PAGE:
- Acting of Lead Performers
- Acting of Supporting Cast
- Music Score
- Title Sequence
- Historical Importance
- Would You Recommend?
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Fine performance from Mr. Stewart
Years ago, I read the Pulitzer Prize book after viewing the film, and though the book is a far superior work that kept me engaged during a 4-hour US flight, I thoroughly enjoyed the fine performance by Mr. James Stewart. I thought it was interesting how the solo flight was conveyed on screen and Mr. Stewart couldn't have been a better choice as the main character. A fine film all around.
Was the actual flight this long and boring?
- Mr. Blandings
138 minutes is 38 minutes too long for a film that is long on looking-out-of-the-cockpit scenes and short on any real story.
Lindbergh Story Soars High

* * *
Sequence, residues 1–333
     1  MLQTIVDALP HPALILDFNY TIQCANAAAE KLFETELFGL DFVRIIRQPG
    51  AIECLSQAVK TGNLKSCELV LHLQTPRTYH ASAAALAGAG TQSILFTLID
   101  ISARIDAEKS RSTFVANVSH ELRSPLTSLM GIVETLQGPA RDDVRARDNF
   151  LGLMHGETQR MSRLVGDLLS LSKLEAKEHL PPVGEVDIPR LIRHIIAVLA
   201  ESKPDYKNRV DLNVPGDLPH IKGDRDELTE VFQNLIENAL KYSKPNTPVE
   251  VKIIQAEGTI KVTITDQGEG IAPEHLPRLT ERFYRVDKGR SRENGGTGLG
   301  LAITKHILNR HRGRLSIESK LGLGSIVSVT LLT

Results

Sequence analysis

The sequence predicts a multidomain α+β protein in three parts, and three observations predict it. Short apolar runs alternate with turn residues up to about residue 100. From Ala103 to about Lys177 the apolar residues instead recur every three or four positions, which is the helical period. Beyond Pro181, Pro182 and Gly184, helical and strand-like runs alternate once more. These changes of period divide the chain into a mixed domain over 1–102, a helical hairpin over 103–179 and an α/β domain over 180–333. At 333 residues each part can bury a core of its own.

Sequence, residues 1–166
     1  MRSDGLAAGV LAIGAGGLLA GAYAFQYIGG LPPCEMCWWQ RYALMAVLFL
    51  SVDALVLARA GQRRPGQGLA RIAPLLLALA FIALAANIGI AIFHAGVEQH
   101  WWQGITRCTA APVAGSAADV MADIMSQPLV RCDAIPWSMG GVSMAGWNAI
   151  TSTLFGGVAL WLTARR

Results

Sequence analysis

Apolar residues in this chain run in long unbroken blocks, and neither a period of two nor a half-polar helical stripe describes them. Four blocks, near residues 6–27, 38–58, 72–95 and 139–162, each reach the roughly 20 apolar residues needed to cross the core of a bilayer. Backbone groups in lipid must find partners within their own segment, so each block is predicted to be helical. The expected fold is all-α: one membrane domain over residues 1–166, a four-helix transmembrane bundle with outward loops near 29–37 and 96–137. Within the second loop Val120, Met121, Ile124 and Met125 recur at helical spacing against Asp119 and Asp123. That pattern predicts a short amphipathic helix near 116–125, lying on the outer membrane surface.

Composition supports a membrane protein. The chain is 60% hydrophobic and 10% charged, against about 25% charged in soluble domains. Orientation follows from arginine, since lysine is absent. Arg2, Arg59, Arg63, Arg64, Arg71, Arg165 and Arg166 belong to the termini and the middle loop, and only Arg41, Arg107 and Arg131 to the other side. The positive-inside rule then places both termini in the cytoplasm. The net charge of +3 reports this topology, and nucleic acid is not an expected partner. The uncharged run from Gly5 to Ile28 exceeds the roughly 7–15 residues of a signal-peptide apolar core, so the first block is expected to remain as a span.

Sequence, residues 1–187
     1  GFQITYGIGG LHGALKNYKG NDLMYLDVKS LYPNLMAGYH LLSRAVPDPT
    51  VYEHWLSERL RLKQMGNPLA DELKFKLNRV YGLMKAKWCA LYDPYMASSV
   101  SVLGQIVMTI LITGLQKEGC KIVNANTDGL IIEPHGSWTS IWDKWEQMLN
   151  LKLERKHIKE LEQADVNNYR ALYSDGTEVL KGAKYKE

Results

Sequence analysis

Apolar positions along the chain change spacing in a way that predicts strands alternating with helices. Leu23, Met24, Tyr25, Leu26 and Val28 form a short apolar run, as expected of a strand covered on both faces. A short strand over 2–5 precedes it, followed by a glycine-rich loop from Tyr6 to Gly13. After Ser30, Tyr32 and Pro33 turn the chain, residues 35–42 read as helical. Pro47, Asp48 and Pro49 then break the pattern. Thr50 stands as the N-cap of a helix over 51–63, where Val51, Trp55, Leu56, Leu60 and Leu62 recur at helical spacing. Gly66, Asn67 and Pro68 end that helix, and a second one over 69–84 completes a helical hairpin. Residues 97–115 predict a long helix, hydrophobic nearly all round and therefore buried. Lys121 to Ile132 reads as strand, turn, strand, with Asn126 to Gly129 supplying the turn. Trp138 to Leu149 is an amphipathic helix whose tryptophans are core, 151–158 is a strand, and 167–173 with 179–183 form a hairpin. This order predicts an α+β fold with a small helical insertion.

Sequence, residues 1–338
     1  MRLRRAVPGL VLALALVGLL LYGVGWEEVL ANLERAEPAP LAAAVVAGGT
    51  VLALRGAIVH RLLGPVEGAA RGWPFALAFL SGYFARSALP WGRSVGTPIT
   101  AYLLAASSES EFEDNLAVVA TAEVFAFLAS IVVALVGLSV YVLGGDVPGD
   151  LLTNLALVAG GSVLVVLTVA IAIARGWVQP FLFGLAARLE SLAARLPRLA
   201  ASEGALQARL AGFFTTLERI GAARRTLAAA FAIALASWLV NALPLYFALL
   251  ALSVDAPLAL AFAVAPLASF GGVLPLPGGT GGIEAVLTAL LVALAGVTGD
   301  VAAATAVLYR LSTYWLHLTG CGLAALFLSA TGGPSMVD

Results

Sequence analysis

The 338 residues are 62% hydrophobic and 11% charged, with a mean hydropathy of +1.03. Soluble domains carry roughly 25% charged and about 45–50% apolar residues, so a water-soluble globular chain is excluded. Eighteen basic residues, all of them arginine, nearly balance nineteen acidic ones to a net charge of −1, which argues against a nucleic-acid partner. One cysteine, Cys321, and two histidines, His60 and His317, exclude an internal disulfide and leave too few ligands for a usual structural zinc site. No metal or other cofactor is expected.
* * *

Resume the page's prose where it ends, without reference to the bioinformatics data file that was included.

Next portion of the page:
"The Spirit of St. Louis" is an entertaining gripping film of Charles Lindbergh and the first transatlantic flight from New York to Paris in May 1927. The film directed by the talented Billy Wilder is quite good, from impressive aerial cinematography to James Stewart in one of his best acting performances. The "Spirit of St. Louis" funded by businessmen from St. Louis, and designed in large part by Lindbergh, propels him through extraordinary moments and some close calls documented in the 33 1/2 hours of his famous flight. Once Lindbergh departs from New York, the audience is whisked up in the air and is treated to colorful scenes of his early beginnings as he reminisces on board the plane. The flashbacks showcase Lindbergh's experiences and provides the viewer an insight into his love affair with aviation. The last few hours of Lindbergh's flight are intense. Not only does the film document when the "Spirit of St. Louis" begins to accumulate ice on its wings, but portrays the incredible toll on Lindbergh of sheer exhaustion as he desperately fights from falling asleep. The film culminates with his famous landing to Le Bourget Field outside of Paris greeted by cheering crowds of thousands, followed by a hero's welcome in America woven with footage of the real event. The magnitude of Lindbergh's heroism and historic flight are beautifully captured in this movie. The way this film is shot, along with Jimmy Stewart's natural reactions and incredible performance as he narrates Lindbergh's thoughts, makes this journey a flight not to be missed!